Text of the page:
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This post was inspired by three articles in the Dartmoor Magazine from Autumn 1986 (written by Barbara Stevens), and Summer 1990 / Autumn 1990 (the latter two written by Mavis Price), which detailed the lives of two Dartmoor “Old ladies of the moor”, Mary Jane Williams (aka Aunt Polly or Granny Williams) and her mother Jane Easterbrook. They lived for large portions of their lives at Wheal Lucky Cottage. The cottage is now a ruin and was at one time known as West Wheal Lucky. It comprised of only two small rooms.
Location of Wheal Lucky Cottage, the home of Jane Easterbrook and Mary Jane Williams – This post also has a couple of pictures of the Adit (part of the Wheal Lucky complex)
Google Map of the location of Wheal Lucky. From the aerial view, the ground workings are quite pronounced. Wheal Lucky Mine was operational between 1797 and 1871.
Wheal Lucky Cottage has previously been known as West Wheal Lucky, it was mentioned as such in the tithe apportionment in 1844.
The first article (Autumn 1986) on Wheal Lucky Cottage was written by Barbara Stevens. The above picture, circa 1986, shows Barbara and her brother in the ruins of the cottage. East Wheal Lucky is the white building on the right. Great Mis Tor looms large in the distance. The article by Barbara Stevens was a lovely childhood recollection of “Granny Williams” (Mary Jane). Barbara lived in Princetown.
The sad 2020 picture of Wheal Lucky Cottage from the same location (more or less) as the 1986 picture with Barbara Stevens.
A superimposed picture of the cottage entrance. Picture is likely to be from the early 20th century. Note the stones on the roof, weighing it down.
The Two “Old Ladies of the Moor”. The articles written in 1990 (Summer / Autumn), were penned by Mavis Price, who was the Great Grand-Daughter of Mary Jane Williams and the Great Great Grand-Daughter of Jane Easterbrook. The dates and information in this post were provided by Mavis Price in her two articles.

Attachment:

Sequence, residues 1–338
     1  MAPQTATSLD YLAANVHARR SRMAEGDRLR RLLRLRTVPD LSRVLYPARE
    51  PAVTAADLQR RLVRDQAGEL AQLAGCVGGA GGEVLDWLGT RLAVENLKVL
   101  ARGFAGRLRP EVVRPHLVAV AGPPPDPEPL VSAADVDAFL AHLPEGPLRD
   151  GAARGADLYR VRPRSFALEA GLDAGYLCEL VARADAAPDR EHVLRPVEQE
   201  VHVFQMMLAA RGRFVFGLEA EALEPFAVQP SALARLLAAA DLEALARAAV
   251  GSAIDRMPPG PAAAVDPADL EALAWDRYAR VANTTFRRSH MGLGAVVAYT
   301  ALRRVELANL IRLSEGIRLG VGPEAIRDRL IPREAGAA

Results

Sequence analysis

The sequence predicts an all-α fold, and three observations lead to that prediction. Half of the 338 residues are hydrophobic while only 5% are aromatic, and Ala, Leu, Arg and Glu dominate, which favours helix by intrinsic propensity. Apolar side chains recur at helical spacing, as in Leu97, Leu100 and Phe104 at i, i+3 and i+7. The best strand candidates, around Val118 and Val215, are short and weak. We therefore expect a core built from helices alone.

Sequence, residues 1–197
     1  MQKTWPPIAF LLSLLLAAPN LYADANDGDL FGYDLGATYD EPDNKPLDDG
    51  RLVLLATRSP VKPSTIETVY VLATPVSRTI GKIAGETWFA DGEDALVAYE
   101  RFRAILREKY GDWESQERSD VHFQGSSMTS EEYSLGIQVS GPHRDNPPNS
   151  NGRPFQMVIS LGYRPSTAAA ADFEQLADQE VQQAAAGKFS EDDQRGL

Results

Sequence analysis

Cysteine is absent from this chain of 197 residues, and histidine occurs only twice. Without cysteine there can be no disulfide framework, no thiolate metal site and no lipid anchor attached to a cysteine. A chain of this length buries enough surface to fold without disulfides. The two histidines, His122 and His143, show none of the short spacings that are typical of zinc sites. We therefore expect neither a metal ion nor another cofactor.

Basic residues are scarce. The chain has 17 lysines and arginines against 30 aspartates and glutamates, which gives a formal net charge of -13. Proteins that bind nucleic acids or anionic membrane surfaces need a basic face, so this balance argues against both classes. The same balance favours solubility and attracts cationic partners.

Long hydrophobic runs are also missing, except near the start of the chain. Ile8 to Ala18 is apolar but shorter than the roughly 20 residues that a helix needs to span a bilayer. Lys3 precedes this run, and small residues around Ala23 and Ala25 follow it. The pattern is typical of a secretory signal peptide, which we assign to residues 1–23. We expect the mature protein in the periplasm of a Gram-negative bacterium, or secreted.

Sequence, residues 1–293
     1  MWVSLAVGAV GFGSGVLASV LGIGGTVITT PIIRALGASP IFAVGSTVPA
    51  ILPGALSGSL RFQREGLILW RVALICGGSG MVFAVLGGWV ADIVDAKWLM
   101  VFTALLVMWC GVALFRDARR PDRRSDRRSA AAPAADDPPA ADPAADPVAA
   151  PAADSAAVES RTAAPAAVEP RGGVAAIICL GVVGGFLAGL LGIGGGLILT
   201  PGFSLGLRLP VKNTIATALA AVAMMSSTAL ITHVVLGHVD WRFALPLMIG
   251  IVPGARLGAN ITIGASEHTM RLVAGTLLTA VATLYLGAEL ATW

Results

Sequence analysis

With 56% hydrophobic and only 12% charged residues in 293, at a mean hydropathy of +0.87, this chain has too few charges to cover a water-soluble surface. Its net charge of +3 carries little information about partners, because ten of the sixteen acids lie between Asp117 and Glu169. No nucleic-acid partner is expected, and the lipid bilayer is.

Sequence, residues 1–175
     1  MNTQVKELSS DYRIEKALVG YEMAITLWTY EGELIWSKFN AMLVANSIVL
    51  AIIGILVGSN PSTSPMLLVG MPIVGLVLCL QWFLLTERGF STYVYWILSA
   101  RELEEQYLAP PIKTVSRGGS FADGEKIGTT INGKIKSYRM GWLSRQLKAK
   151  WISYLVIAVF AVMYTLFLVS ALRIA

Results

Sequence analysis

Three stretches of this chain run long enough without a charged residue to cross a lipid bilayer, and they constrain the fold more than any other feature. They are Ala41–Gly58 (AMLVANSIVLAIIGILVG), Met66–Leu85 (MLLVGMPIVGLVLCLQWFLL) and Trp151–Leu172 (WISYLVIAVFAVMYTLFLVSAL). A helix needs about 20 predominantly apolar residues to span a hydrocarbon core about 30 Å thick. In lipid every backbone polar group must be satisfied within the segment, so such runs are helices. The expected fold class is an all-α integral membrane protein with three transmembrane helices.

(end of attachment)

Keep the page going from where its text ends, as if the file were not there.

Jane Easterbrook (nee Hext / Hicks) was christened in January 1822, was married in February 1844 and died in March 1915, aged 94. She lived part of her life at Red Cottages (on Yellowmead Farm track, which were built for Foggintor workers) and is believed to have lived at Wheal Lucky from at least 1871 until her death. Her parents (Thomas and Rachel) lived at Wheal Lucky (East).
“Granny Williams”, as Barbara Stevens knew her by, was also known locally as Aunt Polly. She was born in August 1846, was married in April 1866 and died in February 1915, aged 81. She is said to have lived at Wheal Lucky Cottage for 52 years.
Wheal Lucky Cottage, most likely from early 20th Century
I have tried to reconcile the previous picture with the 2020 view. Is this the same view? One thing I am struggling with is that in the previous picture the buildings appear to be at 90 degrees to each other.
Another picture from 2020
The cottage was rather small and is at SX57147 74849. This GR was checked on side by side as well as a site record.
……now onto the Adit from the Wheal Lucky area (north of B3357). Hollow Tor in the background.
Close up of the Adit
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